The Petitioner(s) can come with acknowledgment copy of the petition written against a Judicial Officer to the Office of the Secretary, National Judicial Council, to verify the status of his petition if he has not received any correspondence from the Chairman of the National Judicial Council within the period of time of his complaint.
After considering any representations, the Investigating Committee shall within thirty days of the representations complete its report and present same to the Chief Justice of Nigeria for consideration by the Council.
A petition/complaint must be in writing, unless the Chief Justice of Nigeria/Chairman, National Judicial Council, or a Head of Court or the Council considers that in the circumstances, it is reasonable to accept a complaint in another form.
1. A Complaint must be made within six months of the event or matter complained of; provided that a complaint relating to a continuing state of affairs may be made at any time while that state of affairs continues or within six months from when it ends. 2. Subject to Regulation 12 of these Regulations, a complaint made outside the time limit set in paragraph (1) must be dismissed by the Council upon report to the Council by the Secretary to the Council. 3. The Secretary shall notify the person making the complaint of the dismissal not later than thirty days of such dismissal.
The recommendation for appointment of Judicial Officers to both the Federal and State Government is done by the National Judicial Council to the President or Governors of States as the case may be on the advice of the Federal Judicial Service Commission and Judicial Service Committee of the Federal Capital Territory.
In all cases:
- a) Good character and reputation, diligence and hard work, honesty, integrity and sound knowledge of Law and consistent adherence to professional ethics;
As may be applicable:
- b) Active successful practice at the Bar with 10 years post qualification experience including satisfactory presentation of cases in Court as a Legal Practitioner either in private practice or as a Legal Officer in any Public Service;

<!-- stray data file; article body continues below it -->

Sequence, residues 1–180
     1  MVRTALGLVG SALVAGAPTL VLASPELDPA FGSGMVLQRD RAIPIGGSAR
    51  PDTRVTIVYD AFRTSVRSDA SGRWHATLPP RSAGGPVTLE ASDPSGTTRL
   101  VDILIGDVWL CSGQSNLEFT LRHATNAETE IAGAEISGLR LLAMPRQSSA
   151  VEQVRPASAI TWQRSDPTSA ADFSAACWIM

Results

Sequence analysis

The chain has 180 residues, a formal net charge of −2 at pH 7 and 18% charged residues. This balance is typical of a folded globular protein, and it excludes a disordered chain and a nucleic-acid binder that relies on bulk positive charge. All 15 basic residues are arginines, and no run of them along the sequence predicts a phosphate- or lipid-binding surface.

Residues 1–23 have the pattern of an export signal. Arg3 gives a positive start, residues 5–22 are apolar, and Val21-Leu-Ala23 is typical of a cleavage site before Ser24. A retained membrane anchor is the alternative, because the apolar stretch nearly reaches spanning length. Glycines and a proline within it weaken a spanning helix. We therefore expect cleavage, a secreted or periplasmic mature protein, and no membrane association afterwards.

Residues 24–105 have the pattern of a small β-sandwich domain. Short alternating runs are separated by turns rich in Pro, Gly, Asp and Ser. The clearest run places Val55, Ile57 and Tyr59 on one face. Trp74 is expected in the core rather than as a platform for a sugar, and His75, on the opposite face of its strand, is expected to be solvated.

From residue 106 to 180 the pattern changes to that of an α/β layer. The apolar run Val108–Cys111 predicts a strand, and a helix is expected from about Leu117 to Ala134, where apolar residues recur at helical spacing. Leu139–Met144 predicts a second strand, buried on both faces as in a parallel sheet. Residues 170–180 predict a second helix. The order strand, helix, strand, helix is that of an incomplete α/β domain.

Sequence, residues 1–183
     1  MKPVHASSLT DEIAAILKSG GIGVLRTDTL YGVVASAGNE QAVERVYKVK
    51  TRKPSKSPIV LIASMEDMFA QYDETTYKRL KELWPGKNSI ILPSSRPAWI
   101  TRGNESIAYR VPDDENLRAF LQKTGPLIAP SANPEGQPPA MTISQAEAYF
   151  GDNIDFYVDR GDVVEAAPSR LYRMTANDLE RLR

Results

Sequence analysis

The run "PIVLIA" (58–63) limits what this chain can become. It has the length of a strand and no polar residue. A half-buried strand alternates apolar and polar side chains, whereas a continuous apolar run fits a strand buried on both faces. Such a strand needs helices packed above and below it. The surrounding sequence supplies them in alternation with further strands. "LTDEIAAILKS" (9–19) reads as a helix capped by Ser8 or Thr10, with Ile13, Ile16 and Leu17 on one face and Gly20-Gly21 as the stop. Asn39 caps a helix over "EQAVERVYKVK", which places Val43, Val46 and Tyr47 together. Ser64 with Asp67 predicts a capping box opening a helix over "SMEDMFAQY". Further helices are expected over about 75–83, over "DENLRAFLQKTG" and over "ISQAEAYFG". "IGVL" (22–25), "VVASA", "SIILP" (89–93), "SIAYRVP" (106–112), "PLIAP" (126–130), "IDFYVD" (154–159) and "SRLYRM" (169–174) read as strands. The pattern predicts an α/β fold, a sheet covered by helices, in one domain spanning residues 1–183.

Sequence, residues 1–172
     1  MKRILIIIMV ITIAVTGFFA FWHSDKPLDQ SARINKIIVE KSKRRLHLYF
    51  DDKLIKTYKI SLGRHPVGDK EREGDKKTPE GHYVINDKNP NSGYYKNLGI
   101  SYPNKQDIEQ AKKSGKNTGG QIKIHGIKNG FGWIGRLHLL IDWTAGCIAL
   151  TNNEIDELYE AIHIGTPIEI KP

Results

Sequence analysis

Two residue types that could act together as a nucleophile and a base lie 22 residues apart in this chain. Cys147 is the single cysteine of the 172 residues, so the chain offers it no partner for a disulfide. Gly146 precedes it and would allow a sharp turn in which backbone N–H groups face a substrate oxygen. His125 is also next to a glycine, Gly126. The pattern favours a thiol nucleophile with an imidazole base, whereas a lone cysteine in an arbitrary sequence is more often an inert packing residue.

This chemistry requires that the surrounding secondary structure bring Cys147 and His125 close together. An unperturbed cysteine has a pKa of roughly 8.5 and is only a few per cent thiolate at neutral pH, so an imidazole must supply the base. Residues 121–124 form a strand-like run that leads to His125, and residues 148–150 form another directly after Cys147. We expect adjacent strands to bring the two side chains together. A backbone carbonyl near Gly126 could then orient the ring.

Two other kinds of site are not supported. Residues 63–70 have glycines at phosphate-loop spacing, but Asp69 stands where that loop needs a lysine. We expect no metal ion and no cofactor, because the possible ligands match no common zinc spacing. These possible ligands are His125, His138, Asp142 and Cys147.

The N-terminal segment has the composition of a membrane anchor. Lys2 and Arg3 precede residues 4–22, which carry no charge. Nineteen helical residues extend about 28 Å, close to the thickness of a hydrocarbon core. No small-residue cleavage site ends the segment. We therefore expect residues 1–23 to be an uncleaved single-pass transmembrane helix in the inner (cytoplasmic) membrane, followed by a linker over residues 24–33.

- c) Satisfactory and consistent display of sound and mature judgment in Office as a Chief Registrar or Chief Magistrate;
- d) Credible record of teaching Law, Legal Research in a reputable University and publication of legal works, and In addition to any or all of the above;
- e) In the case of appointment of a candidate to the Office of Kadi of a Sharia Court of Appeal, knowledge of Arabic language and grammar.
The guidelines for appointment of Judicial Officers are contained in Procedural Rules of the Council Rule Five to Six. Here is a link http://njc.gov.ng/procedural-rules
The National Judicial Council has power to appoint and exercise disciplinary control over Judicial Officers, power to collect, control and disburse all monies, capital and recurrent, for the Judiciary and to deal with all matters relating to Policy and Administration.
The National Judicial Council is responsible for payment of Gratuities and Pensions of all retired Federal Judicial Officers vide the Federal Judicial Officers (Administration of Pension) Act 2007.
The performance of all Judicial Officers in the Federation is based on their Quarterly Returns of Cases to the Council.
The National Judicial Council shall hold meetings as the Chief Justice of Nigeria and Chairman, National Judicial Council, may appoint.
A Judge shall avoid impropriety and the appearance of impropriety in all of the Judge’s activities both in his professional and private life
A Judicial Officer should respect and comply with the laws of the land and should conduct himself at all times in a manner that promotes public confidence in the integrity and impartiality of the Judiciary.
A Judge shall in his or her personal relations with individual members of the legal profession, who practice regularly in the Judge’s Court, avoid situations which might reasonably give rise to the suspicion of or appearance of favoritism or partiality.